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Re: Picking the Tools -- Marrying processing models to data models

On Wed, 23 May 2001, W. E. Perry wrote:

> commensurately the textual nature of XML which allows for an
> abstraction of the instance sufficient to bridge the differences in
> detailed interpretation of the data between the two parties. 'Order',
> or 'price' or even 'transaction' are abstractions, but if I can
> identify that your data is an 'order'--albeit of your form, which is
> alien to me--I may be able to instantiate as an 'order' of the form I
> can process.

What's that got to do with the textual encoding? Image processing programs
will typically recognise a wide range of image file formats beyond their
chosen native one, and some even provide tools for the technically
advanced to pull data from bizarre image formats (I've seen a "raw" import
dialog that asks how many byte of header to skip, what the pixel format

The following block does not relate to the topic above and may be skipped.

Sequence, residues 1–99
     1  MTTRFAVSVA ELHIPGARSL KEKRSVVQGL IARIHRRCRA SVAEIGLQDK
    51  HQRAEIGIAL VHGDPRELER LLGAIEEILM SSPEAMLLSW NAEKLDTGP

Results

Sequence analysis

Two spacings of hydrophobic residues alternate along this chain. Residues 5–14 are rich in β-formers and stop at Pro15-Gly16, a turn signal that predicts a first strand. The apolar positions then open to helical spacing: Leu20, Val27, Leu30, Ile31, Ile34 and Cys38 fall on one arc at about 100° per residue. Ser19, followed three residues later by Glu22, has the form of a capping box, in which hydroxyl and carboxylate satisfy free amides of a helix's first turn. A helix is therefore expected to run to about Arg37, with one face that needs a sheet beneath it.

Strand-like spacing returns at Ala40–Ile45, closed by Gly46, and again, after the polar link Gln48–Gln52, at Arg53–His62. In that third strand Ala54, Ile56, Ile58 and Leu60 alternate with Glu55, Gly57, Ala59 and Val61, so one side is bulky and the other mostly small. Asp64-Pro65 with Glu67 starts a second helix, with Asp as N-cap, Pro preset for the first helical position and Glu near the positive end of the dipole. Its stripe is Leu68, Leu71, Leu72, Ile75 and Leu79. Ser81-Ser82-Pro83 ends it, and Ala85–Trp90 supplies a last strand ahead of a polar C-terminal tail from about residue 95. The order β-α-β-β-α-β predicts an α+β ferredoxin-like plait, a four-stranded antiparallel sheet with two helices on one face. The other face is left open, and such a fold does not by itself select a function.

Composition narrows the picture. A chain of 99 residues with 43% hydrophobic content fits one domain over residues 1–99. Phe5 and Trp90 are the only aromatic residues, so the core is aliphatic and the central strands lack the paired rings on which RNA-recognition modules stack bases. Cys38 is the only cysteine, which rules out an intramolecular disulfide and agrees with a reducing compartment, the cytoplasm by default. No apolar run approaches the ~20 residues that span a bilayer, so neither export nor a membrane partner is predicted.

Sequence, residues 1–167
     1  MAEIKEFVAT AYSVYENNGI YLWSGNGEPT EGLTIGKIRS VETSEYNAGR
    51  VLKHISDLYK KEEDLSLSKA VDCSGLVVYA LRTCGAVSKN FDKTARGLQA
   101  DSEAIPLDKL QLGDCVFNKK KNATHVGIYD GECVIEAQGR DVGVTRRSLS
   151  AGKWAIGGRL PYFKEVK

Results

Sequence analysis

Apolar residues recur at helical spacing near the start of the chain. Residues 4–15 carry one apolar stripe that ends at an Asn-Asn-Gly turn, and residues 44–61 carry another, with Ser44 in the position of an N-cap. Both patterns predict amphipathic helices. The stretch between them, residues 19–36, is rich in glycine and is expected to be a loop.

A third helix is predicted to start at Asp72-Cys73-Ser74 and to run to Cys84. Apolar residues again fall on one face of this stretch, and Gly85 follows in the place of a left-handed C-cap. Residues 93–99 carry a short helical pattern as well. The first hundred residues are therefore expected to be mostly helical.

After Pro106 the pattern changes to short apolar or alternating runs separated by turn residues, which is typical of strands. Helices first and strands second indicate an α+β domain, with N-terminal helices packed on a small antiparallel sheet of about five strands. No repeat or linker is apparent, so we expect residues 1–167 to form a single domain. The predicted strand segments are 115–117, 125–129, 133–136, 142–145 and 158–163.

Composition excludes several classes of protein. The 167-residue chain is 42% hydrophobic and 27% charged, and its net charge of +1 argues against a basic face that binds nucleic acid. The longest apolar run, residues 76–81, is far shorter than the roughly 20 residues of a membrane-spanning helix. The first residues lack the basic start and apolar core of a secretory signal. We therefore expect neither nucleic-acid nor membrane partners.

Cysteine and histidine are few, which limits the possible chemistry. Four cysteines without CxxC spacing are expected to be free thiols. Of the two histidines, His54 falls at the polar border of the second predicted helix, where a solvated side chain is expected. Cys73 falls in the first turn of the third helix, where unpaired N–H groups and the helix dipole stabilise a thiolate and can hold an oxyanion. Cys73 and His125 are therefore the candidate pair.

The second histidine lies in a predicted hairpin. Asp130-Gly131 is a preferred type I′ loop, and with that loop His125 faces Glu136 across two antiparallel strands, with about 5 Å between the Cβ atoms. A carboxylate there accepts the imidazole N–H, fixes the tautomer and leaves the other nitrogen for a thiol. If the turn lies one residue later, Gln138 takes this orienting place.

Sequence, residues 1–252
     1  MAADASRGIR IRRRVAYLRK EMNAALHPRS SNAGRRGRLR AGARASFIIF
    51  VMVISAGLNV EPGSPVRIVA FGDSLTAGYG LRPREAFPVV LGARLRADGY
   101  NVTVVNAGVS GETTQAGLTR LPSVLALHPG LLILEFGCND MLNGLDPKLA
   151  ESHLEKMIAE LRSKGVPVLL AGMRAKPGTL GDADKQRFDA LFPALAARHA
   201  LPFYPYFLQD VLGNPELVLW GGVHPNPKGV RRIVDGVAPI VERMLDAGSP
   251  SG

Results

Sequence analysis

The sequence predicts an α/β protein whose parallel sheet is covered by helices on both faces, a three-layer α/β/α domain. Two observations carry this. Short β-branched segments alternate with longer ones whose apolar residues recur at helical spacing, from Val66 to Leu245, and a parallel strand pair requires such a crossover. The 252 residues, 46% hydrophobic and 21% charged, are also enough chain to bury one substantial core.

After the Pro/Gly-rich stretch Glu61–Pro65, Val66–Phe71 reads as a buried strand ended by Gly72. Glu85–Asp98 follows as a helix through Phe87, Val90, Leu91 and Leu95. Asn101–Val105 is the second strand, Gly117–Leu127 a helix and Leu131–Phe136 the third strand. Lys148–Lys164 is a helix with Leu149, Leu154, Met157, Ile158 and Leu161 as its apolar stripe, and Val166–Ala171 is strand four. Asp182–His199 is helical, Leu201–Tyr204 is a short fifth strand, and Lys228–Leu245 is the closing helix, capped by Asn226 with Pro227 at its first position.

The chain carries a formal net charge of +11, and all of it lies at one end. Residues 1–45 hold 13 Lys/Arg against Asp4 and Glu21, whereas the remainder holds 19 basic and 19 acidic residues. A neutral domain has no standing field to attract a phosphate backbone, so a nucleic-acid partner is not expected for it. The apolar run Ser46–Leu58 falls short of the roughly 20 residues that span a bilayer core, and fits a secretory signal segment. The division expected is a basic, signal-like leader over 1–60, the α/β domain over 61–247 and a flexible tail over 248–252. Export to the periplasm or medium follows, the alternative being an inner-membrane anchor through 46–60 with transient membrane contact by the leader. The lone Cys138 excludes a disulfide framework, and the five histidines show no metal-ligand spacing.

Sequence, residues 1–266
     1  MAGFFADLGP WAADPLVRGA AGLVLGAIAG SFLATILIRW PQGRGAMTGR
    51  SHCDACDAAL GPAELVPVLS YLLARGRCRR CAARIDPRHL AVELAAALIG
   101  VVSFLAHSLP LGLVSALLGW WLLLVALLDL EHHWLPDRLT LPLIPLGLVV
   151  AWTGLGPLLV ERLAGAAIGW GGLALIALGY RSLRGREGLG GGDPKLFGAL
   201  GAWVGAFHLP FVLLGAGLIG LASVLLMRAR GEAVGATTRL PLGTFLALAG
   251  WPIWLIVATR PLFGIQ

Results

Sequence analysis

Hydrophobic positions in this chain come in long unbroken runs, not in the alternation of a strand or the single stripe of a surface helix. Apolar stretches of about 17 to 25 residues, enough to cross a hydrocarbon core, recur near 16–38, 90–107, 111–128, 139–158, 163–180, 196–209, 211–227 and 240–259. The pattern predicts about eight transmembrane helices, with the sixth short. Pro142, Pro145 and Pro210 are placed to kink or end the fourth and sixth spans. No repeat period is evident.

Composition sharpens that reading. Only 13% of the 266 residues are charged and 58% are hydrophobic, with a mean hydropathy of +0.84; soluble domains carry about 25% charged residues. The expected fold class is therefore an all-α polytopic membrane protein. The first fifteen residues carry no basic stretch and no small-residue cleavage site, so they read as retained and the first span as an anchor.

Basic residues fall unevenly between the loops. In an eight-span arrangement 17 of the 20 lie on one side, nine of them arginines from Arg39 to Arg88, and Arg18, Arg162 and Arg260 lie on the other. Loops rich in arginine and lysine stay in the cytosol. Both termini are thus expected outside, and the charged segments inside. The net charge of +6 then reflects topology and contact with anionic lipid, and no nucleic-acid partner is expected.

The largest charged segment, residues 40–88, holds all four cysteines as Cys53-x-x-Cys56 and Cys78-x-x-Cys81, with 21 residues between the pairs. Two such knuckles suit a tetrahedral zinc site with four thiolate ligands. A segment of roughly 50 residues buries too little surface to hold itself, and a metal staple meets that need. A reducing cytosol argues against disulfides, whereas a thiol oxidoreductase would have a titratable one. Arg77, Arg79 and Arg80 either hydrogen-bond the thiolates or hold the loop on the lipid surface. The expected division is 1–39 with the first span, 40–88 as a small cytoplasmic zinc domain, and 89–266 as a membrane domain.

is, and how many pixels to read in what order). So if you see an image in
a format other than the agreed one, it can try to figure it out.

Are you stating that the textuality and human-readable names on everything
make it somewhat easier for a human to figure out the format by examining
examples, incrementally designing an experimental schema until all
available samples match that schema flawlessly, then assuming that's the
format of the data being found? Hmmm. I've reverse engineered CSV files
and binary formats in much the same way. XML makes it a bit easier in most
cases, although I'm already starting to see incomprehensible XML (complex
XPath, for example), so it's a quantitative improvement rather than a
massive qualitiative leap, and is it worth all that overhead? :-)

BTW, Some image file formats are textual:


...not really relevant to the thread, just a historical nugget.

> Walter Perry


                               Alaric B. Snell
 http://www.alaric-snell.com/  http://RFC.net/  http://www.warhead.org.uk/
   Any sufficiently advanced technology can be emulated in software